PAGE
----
Astra — along with Baal — is the last survivor of the ancient Magi of Chaldea, who had mastered the secrets of the mind. ‘My mind is master of my body, and is in continuous control of every body-cell, renewing them to maintain perpetual health and youth’. Astra is not permanently immortal, however: she can be destroyed by Baal’s power if she dropped her guard, or by a sword thrust, or natural hazard, but she has lived so long by staying the hand of any enemy, or ‘by foreknowledge I can avoid natural hazards’. These limitations were carefully built in by O’Donnell so that Astra was rendered more believable, and more importantly so that Garth’s role, fighting alongside her, was in no way demeaned (a maxim to be frequently discarded by other writers later on, to the detriment of the strip). She was also forbidden to directly take life herself.
In a tremendous climax, Baal begins the ritual, the first stage of which involves bringing ‘through the gates of hell’ (materialising from another dimension) the beast of Belial, a hideous monster. Then, and only then, in the presence of the beast, Baal can evoke the beast’s master, ‘foul Belial himself’. Whilst Astra wages her mental battle with Baal, Garth’s task is to destroy the beast, armed with a mystical axe fashioned by the ancient God Vulcan (another of the vanished Magi).
During the struggle Baal learns that Astra has fallen in love with Garth, and is afraid for him — a fatal weakness in her mental armour. As Baal is about to ‘wring the flame of life from her body’ Garth throws the axe at Baal, who diverts it with ‘the black lightning of his mind’. But the diversion gives Astra time to recover and she learns from Baal’s mind that the armoured beast is vulnerable at the base of the skull. Garth feints to run from the beast and then turns and jumps astride its back, bringing down the axe in a tremendous killing blow to the head. With the beast slain, the vengeful Belial reclaims Baal’s soul and reduces him to a handful of dust, blowing about the temple.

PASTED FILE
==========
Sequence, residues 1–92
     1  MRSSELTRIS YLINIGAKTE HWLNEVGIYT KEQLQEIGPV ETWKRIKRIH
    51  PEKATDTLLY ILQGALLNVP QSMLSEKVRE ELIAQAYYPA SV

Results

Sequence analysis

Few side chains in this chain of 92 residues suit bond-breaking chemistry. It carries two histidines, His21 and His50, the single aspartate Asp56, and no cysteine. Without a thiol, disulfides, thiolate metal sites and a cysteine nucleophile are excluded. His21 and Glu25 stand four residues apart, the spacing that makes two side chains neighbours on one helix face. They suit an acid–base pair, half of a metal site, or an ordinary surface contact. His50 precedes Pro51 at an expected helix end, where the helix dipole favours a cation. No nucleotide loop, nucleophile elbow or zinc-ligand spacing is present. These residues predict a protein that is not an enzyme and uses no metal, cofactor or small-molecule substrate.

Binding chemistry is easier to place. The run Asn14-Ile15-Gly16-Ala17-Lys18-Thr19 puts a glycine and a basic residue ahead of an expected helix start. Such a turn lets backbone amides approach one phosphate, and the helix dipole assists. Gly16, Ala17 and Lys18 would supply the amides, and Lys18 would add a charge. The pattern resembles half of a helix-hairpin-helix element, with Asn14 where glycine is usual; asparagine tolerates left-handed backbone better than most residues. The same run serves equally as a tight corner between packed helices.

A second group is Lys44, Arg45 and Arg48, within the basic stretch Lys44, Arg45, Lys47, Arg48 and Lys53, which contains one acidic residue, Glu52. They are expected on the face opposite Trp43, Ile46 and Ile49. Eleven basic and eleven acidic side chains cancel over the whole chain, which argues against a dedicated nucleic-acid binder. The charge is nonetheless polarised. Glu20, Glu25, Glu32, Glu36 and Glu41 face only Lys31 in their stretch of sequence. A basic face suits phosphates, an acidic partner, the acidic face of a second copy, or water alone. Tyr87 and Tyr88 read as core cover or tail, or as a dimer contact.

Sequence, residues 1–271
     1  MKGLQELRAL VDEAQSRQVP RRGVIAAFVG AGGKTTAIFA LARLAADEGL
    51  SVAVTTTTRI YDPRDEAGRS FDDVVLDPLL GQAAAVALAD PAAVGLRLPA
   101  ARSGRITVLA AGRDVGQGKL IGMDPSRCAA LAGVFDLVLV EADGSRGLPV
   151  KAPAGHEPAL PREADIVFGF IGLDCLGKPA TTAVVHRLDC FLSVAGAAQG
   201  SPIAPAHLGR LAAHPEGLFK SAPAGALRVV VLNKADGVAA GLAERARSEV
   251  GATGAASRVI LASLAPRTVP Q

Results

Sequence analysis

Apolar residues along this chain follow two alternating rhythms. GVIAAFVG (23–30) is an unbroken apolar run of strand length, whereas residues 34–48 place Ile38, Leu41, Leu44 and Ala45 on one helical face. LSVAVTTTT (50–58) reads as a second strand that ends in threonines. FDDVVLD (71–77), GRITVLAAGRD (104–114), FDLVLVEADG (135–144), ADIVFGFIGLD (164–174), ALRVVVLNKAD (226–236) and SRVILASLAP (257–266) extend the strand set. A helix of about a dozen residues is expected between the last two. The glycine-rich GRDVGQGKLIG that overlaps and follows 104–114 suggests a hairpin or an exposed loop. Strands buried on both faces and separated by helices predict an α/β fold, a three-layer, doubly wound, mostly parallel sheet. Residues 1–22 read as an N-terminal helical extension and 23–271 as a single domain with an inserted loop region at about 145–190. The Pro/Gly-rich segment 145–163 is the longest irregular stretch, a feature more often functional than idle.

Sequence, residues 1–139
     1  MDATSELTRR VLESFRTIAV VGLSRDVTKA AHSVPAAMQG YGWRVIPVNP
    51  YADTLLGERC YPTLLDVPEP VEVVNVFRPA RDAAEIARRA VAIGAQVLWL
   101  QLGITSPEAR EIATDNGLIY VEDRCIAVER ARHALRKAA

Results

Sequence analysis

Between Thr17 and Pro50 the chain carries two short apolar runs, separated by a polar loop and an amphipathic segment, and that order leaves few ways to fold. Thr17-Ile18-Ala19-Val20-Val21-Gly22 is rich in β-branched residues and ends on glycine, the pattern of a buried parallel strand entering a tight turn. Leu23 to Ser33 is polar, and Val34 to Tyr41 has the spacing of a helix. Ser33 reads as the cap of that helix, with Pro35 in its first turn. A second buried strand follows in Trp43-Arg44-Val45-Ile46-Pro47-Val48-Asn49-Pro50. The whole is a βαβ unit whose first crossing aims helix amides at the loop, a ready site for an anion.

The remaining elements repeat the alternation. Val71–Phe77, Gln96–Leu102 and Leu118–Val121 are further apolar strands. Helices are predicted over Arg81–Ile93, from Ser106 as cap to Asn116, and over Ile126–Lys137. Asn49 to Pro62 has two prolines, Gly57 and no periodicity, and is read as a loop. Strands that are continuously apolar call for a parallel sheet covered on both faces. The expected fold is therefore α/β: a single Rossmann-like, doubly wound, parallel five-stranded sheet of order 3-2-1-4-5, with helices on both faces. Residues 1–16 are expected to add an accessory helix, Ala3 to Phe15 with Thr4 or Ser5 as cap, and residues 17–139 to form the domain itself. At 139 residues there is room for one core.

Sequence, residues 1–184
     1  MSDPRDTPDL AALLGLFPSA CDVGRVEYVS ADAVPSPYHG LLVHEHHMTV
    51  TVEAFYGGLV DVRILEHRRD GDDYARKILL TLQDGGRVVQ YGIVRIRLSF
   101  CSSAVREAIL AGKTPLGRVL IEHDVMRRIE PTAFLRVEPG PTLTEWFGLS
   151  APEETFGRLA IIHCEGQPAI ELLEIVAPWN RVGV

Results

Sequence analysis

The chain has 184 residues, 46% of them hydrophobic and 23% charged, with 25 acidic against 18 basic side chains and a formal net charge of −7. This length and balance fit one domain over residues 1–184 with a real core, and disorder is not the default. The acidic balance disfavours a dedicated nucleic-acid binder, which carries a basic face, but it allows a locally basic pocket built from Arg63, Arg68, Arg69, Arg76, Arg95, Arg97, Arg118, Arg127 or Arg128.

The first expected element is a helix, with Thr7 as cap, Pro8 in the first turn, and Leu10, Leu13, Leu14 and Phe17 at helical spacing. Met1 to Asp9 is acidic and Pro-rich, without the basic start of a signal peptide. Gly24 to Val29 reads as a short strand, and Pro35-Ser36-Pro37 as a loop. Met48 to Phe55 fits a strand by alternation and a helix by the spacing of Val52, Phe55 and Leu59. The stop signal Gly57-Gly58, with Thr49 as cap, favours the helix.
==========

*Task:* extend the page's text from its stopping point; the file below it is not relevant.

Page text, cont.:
Astra then takes Garth to an idyllic valley, rendered invisible to the outside world. Here, Garth learns that Astra must release her hold on life because she has fallen in love with him. This is why, one by one, her fellow Magi had given up their own lives. The Great Ones cannot give their power to defeat age to others. Their loved ones will grow old and die before their eyes, and they therefore run the risk of becoming bitter and twisted. This is what had happened to Baal and when he lost his loved one ‘all that was fine and good in him turned to evil. He hated all mortal life’.
Sadly, Garth agrees that he does not want to run this dreadful risk, so after several days of blissful lovemaking Astra destroys herself whilst Garth sleeps. Garth returns to Lumiere, who is waiting in the village at the edge of the desert. Garth is a broken man at first, but back in England he recovers, taking comfort from the wonderful memories of the brief time he had with Astra.
Synopsis by Philip Harbottle
||2/1/57 – 26/6/57
||Q2 – Q151